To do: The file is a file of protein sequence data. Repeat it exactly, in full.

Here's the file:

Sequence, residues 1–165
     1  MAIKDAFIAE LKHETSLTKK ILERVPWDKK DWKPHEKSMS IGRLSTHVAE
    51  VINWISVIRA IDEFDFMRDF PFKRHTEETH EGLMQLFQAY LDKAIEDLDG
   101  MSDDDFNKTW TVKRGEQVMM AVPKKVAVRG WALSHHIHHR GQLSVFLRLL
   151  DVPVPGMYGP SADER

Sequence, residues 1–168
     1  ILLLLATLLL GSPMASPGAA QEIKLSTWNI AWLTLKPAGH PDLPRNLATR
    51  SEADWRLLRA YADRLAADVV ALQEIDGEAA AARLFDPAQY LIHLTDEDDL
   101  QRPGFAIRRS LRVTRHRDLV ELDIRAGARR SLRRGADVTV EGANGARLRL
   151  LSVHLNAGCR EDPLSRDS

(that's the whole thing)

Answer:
Sequence, residues 1–165
     1  MAIKDAFIAE LKHETSLTKK ILERVPWDKK DWKPHEKSMS IGRLSTHVAE
    51  VINWISVIRA IDEFDFMRDF PFKRHTEETH EGLMQLFQAY LDKAIEDLDG
   101  MSDDDFNKTW TVKRGEQVMM AVPKKVAVRG WALSHHIHHR GQLSVFLRLL
   151  DVPVPGMYGP SADER

Sequence, residues 1–168
     1  ILLLLATLLL GSPMASPGAA QEIKLSTWNI AWLTLKPAGH PDLPRNLATR
    51  SEADWRLLRA YADRLAADVV ALQEIDGEAA AARLFDPAQY LIHLTDEDDL
   101  QRPGFAIRRS LRVTRHRDLV ELDIRAGARR SLRRGADVTV EGANGARLRL
   151  LSVHLNAGCR EDPLSRDS